RStudio AI Weblog: Moving into the circulation: Bijectors in TensorFlow Likelihood


    As of at the moment, deep studying’s best successes have taken place within the realm of supervised studying, requiring tons and many annotated coaching knowledge. Nonetheless, knowledge doesn’t (usually) include annotations or labels. Additionally, unsupervised studying is enticing due to the analogy to human cognition.

    On this weblog thus far, we have now seen two main architectures for unsupervised studying: variational autoencoders and generative adversarial networks. Lesser recognized, however interesting for conceptual in addition to for efficiency causes are normalizing flows (Jimenez Rezende and Mohamed 2015). On this and the subsequent publish, we’ll introduce flows, specializing in how you can implement them utilizing TensorFlow Likelihood (TFP).

    In distinction to earlier posts involving TFP that accessed its performance utilizing low-level $-syntax, we now make use of tfprobability, an R wrapper within the type of keras, tensorflow and tfdatasets. A be aware concerning this bundle: It’s nonetheless underneath heavy improvement and the API might change. As of this writing, wrappers don’t but exist for all TFP modules, however all TFP performance is out there utilizing $-syntax if want be.

    Density estimation and sampling

    Again to unsupervised studying, and particularly pondering of variational autoencoders, what are the primary issues they provide us? One factor that’s seldom lacking from papers on generative strategies are footage of super-real-looking faces (or mattress rooms, or animals …). So evidently sampling (or: era) is a crucial half. If we will pattern from a mannequin and procure real-seeming entities, this implies the mannequin has realized one thing about how issues are distributed on the earth: it has realized a distribution. Within the case of variational autoencoders, there may be extra: The entities are purported to be decided by a set of distinct, disentangled (hopefully!) latent components. However this isn’t the belief within the case of normalizing flows, so we’re not going to elaborate on this right here.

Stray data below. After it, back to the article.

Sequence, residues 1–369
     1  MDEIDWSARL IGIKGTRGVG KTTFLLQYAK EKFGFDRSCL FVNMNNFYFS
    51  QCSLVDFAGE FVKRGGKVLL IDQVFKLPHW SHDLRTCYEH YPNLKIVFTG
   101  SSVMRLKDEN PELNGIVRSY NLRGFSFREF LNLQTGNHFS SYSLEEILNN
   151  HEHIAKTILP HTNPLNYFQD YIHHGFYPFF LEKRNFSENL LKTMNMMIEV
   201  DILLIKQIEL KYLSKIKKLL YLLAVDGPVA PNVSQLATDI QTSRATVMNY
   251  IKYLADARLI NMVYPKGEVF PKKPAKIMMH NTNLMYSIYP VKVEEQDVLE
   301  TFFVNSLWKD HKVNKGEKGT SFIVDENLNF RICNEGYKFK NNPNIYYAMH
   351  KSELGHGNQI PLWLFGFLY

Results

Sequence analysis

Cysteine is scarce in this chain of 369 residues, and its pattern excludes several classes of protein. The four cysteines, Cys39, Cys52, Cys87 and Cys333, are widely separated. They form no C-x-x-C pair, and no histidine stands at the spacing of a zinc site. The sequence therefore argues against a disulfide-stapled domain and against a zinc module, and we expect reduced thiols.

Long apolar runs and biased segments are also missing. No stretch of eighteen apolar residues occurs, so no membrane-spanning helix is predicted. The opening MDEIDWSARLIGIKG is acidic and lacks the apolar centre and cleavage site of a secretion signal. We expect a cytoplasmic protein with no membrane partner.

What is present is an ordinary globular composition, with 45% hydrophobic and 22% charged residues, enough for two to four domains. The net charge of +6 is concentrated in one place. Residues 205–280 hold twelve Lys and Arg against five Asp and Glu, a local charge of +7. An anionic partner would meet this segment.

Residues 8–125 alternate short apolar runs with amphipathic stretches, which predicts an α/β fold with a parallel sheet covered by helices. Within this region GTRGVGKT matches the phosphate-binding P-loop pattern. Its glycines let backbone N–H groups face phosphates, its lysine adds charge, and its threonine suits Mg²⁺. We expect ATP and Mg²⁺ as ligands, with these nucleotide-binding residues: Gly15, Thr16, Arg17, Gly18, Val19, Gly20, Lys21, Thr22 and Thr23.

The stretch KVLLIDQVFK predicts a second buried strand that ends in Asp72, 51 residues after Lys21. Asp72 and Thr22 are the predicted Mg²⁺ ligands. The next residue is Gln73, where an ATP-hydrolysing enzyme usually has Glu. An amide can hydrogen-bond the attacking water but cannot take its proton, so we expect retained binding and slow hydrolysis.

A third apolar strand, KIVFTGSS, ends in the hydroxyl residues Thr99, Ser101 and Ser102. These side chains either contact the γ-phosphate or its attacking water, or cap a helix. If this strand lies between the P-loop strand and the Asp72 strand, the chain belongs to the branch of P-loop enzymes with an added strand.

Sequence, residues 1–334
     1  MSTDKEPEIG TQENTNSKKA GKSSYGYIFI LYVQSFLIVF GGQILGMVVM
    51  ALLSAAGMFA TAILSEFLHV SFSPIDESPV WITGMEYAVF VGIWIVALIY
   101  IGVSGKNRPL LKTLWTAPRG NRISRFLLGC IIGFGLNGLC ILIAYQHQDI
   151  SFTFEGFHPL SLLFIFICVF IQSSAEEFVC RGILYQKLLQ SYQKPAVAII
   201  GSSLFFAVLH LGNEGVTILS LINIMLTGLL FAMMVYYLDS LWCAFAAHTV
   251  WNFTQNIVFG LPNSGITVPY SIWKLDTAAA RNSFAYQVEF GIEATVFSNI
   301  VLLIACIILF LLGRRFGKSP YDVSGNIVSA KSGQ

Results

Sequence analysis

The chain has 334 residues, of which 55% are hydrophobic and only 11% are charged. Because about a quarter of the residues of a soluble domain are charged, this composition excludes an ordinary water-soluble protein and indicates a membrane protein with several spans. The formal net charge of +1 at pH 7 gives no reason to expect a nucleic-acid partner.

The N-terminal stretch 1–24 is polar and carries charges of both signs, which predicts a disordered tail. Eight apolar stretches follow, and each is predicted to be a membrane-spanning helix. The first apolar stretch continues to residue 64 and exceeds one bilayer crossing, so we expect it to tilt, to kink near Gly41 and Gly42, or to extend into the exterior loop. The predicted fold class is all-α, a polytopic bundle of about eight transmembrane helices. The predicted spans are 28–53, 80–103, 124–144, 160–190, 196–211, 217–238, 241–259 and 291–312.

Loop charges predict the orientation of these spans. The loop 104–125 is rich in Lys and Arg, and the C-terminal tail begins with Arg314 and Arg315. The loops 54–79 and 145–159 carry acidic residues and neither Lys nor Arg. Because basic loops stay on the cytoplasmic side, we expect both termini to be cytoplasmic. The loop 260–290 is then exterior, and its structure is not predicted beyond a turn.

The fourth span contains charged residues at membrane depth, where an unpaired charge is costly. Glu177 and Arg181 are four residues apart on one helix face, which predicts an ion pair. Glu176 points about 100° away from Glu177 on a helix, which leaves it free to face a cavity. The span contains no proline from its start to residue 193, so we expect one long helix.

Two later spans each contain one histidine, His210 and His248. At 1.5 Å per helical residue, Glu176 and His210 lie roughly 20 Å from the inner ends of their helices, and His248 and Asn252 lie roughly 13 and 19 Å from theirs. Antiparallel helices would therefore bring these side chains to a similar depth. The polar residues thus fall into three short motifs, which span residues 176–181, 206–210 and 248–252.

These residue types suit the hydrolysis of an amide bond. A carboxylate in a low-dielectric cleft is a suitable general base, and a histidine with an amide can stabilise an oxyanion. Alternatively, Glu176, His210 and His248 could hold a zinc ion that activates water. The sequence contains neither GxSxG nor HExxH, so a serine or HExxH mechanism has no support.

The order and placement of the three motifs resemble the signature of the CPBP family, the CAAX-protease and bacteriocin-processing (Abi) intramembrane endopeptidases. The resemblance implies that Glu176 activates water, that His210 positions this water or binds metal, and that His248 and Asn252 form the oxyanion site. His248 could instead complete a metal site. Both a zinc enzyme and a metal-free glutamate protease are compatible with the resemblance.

As a recap, how will we pattern from a VAE? We draw from (z), the latent variable, and run the decoder community on it. The outcome ought to – we hope – appear to be it comes from the empirical knowledge distribution. It mustn’t, nevertheless, look precisely like several of the gadgets used to coach the VAE, or else we have now not realized something helpful.